Amtrak is firing back at the Long Island Rail Road for threatening to stop paying its usual rent at Penn Station during the major renovation work this summer that's expected to inconvenience tens of thousands of commuters.
Amtrak CEO Charles "Wick" Moorman admonished MTA heads Fernando Ferrer and Ronnie Hakim, writing to them in a letter Wednesday, "Refusing to pay Amtrak the money required to maintain Penn Station New York will not solve the station's many challenges."
"It is unconstructive to respond to the problems at Penn Station by calling for less investment by its two largest users -- LIRR and NJT -- who account for 80 percent of train operations," said Moorman.
Moorman said the underlying cause of the problems at Penn Station "go far beyond the isolated track issues we had this spring," and that increasing passenger loads -- including from LIRR -- have strained the infrastructure.
If LIRR stops payments to Amtrak as required by their contract and by federal law, it will immediately trigger contract disputes, and Amtrak will be obligated to make only the investments and provide the services needed for its own customers, Moorman said, effectively shutting out LIRR riders at Penn Station.
MTA Executive Director Ronnie Hakim said the agency will consult its legal team to pursue all avenues. The MTA says it will already cost them "millions of dollars" to provide the buses, ferries and park-and-ride lots being offered as alternatives to commuters on disrupted LIRR trains. And both governors Andrew Cuomo and Chris Christie have vowed to make Amtrak pay for what they called "decades of underinvestment" that's led to a "continuing string of infrastructure failures at Penn Station."
Amtrak says it's already pouring in $30 to $40 million for the eight-week summer renovation project at Penn Station, and is bearing a "disproportionate share" of the work impact.
"The relationship between Amtrak and LIRR is very different from an ordinary landlord-tenant relationship," Moorman writes. "Unlike a commercial or residential landlord, Amtrak does not earn any profit or return on investment from the commuter railroads' use of our property."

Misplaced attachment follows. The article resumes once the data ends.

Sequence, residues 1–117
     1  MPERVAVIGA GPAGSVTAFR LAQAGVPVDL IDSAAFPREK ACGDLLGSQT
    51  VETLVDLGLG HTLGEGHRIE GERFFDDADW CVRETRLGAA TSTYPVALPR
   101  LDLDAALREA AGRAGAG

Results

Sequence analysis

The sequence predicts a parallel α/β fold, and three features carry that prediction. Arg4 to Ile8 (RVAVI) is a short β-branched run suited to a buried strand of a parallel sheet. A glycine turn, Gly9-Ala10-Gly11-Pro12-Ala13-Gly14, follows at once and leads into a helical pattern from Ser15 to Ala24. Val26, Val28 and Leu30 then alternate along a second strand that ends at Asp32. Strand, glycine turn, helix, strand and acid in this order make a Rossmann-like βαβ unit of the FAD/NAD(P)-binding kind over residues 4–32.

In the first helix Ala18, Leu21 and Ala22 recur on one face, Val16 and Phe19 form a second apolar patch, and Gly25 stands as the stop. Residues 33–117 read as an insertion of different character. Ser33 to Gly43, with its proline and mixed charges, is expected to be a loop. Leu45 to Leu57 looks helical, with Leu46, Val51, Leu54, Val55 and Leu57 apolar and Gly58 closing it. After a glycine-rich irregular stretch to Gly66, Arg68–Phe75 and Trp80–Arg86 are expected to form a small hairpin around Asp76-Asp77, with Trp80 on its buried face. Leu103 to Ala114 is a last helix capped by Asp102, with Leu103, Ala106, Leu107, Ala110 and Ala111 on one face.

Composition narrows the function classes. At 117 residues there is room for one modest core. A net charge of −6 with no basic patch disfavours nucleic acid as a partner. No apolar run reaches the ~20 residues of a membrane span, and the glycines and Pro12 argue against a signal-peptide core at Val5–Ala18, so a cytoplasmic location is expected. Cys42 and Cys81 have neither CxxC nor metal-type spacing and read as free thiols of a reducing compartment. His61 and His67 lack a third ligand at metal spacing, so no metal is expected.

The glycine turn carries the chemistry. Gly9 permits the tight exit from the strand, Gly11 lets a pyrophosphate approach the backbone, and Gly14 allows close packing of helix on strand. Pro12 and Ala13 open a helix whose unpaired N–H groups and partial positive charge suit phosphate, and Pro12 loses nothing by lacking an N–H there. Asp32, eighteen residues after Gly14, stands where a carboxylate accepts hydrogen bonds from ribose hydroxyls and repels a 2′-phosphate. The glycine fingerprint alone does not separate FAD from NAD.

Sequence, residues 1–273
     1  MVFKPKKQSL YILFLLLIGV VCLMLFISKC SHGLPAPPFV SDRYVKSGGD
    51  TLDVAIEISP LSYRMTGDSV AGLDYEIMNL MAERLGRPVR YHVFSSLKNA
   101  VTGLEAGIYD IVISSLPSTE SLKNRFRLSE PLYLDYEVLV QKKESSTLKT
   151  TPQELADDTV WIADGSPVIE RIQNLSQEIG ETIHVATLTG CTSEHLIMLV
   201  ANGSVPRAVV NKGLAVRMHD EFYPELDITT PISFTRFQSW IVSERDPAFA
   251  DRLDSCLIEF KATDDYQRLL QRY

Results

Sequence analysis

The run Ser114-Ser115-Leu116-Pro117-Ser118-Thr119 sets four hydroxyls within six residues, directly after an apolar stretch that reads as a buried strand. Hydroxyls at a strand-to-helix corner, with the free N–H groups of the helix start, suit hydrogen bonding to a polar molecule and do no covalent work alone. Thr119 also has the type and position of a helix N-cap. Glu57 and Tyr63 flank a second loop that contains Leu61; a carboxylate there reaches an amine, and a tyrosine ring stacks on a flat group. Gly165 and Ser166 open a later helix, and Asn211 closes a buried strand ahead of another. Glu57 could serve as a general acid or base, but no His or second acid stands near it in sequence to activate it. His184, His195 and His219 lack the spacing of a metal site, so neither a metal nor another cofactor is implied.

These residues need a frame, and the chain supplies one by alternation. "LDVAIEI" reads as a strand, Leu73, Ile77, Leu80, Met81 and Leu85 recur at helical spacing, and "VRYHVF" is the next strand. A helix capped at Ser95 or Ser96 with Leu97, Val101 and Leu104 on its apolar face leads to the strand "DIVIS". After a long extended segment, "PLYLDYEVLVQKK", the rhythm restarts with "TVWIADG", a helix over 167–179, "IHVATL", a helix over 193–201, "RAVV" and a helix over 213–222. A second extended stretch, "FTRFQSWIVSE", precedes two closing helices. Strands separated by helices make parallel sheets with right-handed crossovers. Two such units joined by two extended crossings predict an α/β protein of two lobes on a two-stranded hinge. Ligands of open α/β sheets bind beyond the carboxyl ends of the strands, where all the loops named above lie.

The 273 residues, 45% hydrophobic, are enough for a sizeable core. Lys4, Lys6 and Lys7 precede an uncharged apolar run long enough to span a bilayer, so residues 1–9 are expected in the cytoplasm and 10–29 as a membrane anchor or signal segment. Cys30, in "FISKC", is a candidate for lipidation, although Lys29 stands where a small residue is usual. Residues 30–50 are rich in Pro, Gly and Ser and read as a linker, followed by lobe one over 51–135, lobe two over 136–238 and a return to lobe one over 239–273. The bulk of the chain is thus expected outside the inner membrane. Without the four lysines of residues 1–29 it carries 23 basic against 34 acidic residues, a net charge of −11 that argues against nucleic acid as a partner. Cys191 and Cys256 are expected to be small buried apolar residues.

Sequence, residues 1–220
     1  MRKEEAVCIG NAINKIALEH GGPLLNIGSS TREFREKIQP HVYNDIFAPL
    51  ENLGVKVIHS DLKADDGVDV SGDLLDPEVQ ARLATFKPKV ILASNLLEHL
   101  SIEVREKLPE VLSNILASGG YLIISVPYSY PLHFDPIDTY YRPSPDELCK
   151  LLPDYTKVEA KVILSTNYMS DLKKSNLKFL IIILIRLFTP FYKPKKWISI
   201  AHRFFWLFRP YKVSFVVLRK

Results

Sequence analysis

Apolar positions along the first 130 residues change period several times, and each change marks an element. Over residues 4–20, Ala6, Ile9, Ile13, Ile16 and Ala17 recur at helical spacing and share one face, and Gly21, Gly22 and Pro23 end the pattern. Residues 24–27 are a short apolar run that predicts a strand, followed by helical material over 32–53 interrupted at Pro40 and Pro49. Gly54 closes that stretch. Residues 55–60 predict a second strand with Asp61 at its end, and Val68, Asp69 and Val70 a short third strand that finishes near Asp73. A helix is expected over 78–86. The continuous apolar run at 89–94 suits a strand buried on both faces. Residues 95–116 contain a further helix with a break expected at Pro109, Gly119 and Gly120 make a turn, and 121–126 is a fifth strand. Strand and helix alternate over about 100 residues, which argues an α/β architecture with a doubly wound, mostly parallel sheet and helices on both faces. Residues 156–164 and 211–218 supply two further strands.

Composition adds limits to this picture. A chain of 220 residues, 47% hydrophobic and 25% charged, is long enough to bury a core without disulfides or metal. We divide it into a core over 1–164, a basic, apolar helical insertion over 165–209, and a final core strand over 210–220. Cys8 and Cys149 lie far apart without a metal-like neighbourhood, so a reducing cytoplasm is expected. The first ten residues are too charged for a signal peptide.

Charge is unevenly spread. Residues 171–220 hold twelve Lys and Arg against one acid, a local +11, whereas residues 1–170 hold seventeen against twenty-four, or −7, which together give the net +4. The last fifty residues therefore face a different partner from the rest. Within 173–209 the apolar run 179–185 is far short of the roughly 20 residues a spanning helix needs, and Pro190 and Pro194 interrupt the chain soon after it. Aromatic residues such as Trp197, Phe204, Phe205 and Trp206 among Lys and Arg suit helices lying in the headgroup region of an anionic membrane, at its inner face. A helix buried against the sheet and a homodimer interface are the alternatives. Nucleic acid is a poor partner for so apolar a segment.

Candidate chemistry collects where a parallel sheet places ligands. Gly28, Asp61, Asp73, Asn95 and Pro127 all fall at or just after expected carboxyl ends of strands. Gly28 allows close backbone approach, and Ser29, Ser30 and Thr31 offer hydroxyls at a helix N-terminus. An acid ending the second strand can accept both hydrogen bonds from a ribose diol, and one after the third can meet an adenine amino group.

"The only rent the LIRR currently pays to Amtrak for Penn Station New York, under its 1988 lease, is some $148,000 a year for exclusive use of its Level A Concourse and three platforms serving six tracks," according to Moorman.
That lease, which runs for 99 years, "must be among the best deals in New York City."
Moorman also claimed that since 1976, when Amtrak took over operations at Penn Station, the commuter railroads have only been required to pay "incremental" costs for operations while Amtrak has shouldered most of the funding for capital projects -- even as the commuter rails were accounting for the vast majority of operations.
In fact, Moorman maintains, LIRR already owes Amtrak "significant funds" from two years of not complying with a federal requirement to help fund Northeast Corridor commuter investments.
Finally, Moorman points out, Amtrak actually leases a portion of the MTA's own Metro-North infrastructure. And when Metro-North experienced its own string of failures and outages in 2013, Amtrak never sought to recoup the $50 million it invested in the Metro-North infrastructure, or the revenue it lost during the service failures and delays.
"During these incidents, Amtrak did not disparage Metro North, or seek to gain advantage from the situation," Moorman wrote. "Instead, Amtrak offered assistance to restore Metro-North's infrastructure, and has not to date pursued claims for the millions in losses we have incurred as Amtrak regularly experiences the worst on-time performance for our trains on any section of the Northeast Corridor -- currently in the low 80 percent range -- which is far below the performance levels regularly achieved by LIRR on our railroad."
Moorman emphasized that "all users" at Penn Station need to make sufficient investments to improving Penn Station, and working together will make a better case for additional federal, state and private funding.
"While this summer will be extremely challenging for all who operate or ride trains in PSNY, the actions we now are taking start us on a path towards achieving the levels of reliability and services we all desire," he said.
"For decades, Amtrak, LIRR and New Jersey Transit have worked together to achieve unprecedented levels of services in the most challenging operating environment in the nation," said Moorman. "However, this can only continue if we pursue investments together that will create the capacity and conditions to support the volume of train traffic the region requires."